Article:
Chancellor Alistair Darling has cut his growth forecast for next year but offered hopes that the impact of the global credit crunch might be short-lived.
Mr Darling lowered GDP growth predictions for 2008 to between 2% and 2.5% – compared to the 2.5% to 3% predicted by former chancellor Gordon Brown during his last Budget in March.
But the Chancellor added that the economy remains on track for 3% growth this year and he maintained forecasts of between 2.5% and 3% for both 2009 and 2010.
His widely-expected move to cut 2008 growth predictions follows the summer’s financial turmoil when banks, fearful of exposure to losses on high-risk US mortgages, stopped lending to each other, leading to the run on mortgage lender Northern Rock.
GORDON BROWN’S eight-year crusade to boost Britain’s productivity performance suffered another heavy blow yesterday when official figures showed that growth in productivity collapsed to zero in the third quarter.
In the latest setback for the Chancellor’s hopes of securing a step change in the economy’s performance, the Office for National Statistics said that the headline gauge of productivity, output per worker employed, stalled in the three months to September.
The bleak picture was made yet worse by annual data showing that productivity growth in the year to the third quarter tumbled to a meagre 0.4 per cent — a 15-year low.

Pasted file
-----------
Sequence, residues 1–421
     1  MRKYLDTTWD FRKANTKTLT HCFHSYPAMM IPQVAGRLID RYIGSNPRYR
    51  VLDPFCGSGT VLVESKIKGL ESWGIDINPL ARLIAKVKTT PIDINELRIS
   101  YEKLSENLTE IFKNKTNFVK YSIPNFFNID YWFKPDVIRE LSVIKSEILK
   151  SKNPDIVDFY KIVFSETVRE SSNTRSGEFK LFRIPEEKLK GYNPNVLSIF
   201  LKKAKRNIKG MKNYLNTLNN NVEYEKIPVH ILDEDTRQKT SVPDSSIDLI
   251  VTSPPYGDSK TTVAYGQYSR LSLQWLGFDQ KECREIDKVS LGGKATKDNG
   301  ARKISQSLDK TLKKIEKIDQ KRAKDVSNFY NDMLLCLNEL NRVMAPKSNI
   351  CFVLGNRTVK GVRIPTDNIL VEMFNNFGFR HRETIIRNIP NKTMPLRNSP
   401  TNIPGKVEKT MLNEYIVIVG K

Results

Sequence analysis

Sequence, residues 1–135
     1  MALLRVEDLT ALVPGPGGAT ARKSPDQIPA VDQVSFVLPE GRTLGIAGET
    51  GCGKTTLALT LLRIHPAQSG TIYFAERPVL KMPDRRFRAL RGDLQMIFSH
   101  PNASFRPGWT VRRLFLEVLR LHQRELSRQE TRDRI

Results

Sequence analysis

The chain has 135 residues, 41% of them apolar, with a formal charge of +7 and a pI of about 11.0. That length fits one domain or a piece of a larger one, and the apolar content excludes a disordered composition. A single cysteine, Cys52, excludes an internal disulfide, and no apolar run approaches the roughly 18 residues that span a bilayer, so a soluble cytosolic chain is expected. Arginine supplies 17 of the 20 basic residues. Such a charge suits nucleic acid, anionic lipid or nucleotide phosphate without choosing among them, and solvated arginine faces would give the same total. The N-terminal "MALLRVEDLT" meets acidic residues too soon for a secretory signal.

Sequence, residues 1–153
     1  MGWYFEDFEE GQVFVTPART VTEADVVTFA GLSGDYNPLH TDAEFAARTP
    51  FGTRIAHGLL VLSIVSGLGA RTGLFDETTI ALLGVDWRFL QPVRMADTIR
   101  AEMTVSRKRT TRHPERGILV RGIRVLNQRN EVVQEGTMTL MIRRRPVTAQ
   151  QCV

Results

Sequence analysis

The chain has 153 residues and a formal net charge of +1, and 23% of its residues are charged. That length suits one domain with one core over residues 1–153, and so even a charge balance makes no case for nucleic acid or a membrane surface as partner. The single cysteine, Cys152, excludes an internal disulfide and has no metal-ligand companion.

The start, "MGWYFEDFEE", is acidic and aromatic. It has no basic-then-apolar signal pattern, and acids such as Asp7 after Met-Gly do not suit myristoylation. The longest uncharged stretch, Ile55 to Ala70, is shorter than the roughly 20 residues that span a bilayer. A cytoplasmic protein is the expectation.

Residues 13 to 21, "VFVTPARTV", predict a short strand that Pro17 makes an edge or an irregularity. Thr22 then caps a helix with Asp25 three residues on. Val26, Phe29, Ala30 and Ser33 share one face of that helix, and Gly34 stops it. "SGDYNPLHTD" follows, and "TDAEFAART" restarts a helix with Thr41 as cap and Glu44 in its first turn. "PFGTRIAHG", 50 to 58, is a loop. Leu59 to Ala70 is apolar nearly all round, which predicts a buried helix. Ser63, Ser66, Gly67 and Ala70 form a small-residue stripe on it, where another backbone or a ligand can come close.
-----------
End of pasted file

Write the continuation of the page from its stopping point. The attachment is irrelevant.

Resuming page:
Gordon Brown has said the UK economy is having a “tough year” and slashed his estimate of growth in 2005 to 1.75%, half his estimate in March’s Budget.
But the chancellor said the UK economy remained stable despite high oil prices and slower house price rises.
He doubled the tax on North Sea oil profits, froze fuel duty and boosted pensioners and first time buyers.
Shadow chancellor George Osborne said Mr Brown had been “humiliated” into “admitting he had got it wrong”.
As Gordon Brown steps up to the dispatch box on Monday, he will be forced to acknowledge that the UK economy is slowing down.
The question is whether he will also accept that he is unlikely to meet his targets for the public finances.
The focus of this year’s pre-budget report will be the economic forecast.
Many economists believe that the government is still being optimistic about growth, and eventually will have to scale back its spending plans.